"Cold" training vs warmup training

bluejeff

Level 6 Valued Member
I was watching the kneeovertoes guy on Mark Bell's podcast, and he was demonstrating how he could do full sissy squats and lay flat on his back with his legs folded underneath with absolutley no warmup.

I also had the opportunity to attend a workshop with calisthenics legend Simon Ata ("Simonster Strength"). Someone asked what a "tiger bend pushup" was, and with almost no warmup, he kicked up into a handstand and performed a freestanding handstand pushup, a freestanding tiger bend, and a 90-degree pushup, while talking the entire time. I think we maybe had done some arm and wrist circles or something before that. Simon has trained from a young age, and likely has some "good genetics" or whatever. But those skills were CLEAN, and he made it look as if his body weight was like 10 lbs.

So my thoughts here are this. What are everyone's opinions on training so increase your capacity to do something "cold," with little to no warmup?

I think its a valuable goal, to be able to perform on demand. I also think its interesting to think about training in a way that you need to do a lot of things first just to be able to do the thing that is your main practice. That seems odd to me, in a sense. What does it say about one's actual level of "fitness" if they have to foam roll, stretch, do muscle activation, cardio and so on...just to be able to do their main training sets? What does it say about training in general? Obivously warming up is useful, but what does it say about general "fitness" and health? Are we actually healthy if we need a lot of preparation to do our main exercises?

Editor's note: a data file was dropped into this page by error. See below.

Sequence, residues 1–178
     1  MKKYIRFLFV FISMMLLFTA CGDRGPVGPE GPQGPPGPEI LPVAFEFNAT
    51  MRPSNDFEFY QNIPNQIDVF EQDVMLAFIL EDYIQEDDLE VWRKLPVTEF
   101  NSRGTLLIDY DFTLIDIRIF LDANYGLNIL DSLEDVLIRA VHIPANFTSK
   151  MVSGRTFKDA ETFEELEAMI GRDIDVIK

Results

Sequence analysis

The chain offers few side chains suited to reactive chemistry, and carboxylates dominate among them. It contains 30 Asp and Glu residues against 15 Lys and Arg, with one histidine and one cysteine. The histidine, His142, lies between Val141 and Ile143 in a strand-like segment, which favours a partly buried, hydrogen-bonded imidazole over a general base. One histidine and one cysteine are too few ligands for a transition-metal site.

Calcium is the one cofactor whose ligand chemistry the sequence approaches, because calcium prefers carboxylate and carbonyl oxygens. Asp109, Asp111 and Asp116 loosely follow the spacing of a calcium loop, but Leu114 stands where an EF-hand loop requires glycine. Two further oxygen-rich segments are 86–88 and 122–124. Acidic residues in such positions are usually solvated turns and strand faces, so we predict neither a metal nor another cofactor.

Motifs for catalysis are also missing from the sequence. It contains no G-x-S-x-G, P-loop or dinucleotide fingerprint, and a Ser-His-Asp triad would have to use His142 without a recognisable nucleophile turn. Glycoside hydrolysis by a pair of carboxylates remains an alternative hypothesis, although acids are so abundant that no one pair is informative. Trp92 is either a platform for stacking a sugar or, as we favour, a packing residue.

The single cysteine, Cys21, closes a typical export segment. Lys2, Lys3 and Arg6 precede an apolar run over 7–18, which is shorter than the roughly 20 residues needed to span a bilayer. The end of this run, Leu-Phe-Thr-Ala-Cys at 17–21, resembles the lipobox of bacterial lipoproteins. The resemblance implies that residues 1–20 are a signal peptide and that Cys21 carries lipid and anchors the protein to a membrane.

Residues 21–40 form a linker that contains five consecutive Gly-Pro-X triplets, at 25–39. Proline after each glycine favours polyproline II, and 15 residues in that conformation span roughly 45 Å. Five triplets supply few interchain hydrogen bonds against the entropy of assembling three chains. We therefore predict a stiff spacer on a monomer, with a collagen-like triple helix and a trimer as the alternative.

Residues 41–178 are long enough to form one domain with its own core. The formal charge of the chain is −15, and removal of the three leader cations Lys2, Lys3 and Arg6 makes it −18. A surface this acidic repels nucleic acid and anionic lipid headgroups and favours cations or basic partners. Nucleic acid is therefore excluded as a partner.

wespom9

Level 6 Valued Member
Certified Instructor
There's an old story about Marty Gallagher, I don't know if he was the lifter or the spotter, but anyway him or someone walks by a squat rack that has a bar with 500 on it and bangs out whatever many reps. The guy watching says "wow man, with no warmup?!?" and the lifter says "Relax, it's only 500lbs"

When your ceiling is high, what you can do with no warmup is trivial to you. Meanwhile to us mortals, it's mind-boggling
 

Anna C

Level 9 Valued Member
Elite Certified Instructor
What does it say about one's actual level of "fitness" if they have to foam roll, stretch, do muscle activation, cardio and so on...just to be able to do their main training sets? What does it say about training in general? Obivously warming up is useful, but what does it say about general "fitness" and health? Are we actually healthy if we need a lot of preparation to do our main exercises?

I think, if you are exercising, or goofing off, or demonstrating what you can do -- sure, no warm-up.

If you are TRAINING, i.e. pushing your limits in some combination of volume and intensity, so that you are stimulating your body to develop some new skill, strength, or capacity, therefore get a better training session, therefore get a better training stimulus, therefore get a better outcome... then warm up, so you can do it better.
 

bluejeff

Level 6 Valued Member
There's an old story about Marty Gallagher, I don't know if he was the lifter or the spotter, but anyway him or someone walks by a squat rack that has a bar with 500 on it and bangs out whatever many reps. The guy watching says "wow man, with no warmup?!?" and the lifter says "Relax, it's only 500lbs"

When your ceiling is high, what you can do with no warmup is trivial to you. Meanwhile to us mortals, it's mind-boggling
I believe thatt's in the Easy Strength book, but I forget at the moment who the lifter was... But the entire concept behind ES is very much aligned with the ideas behind my thoughts here.
If you are TRAINING, i.e. pushing your limits
That's a good distinction to make, pushing/extending limits vs ....whatever we should call the alternative? Gradually increasing your baseline...?

Part of my post had to do with the concept of someone who needs to do a long, extended warmup before they can even squat, for instance. What the other part of the post has to do with is the idea of making training a "habit," rather than something "isolated" in a sense from daily or weekly routines.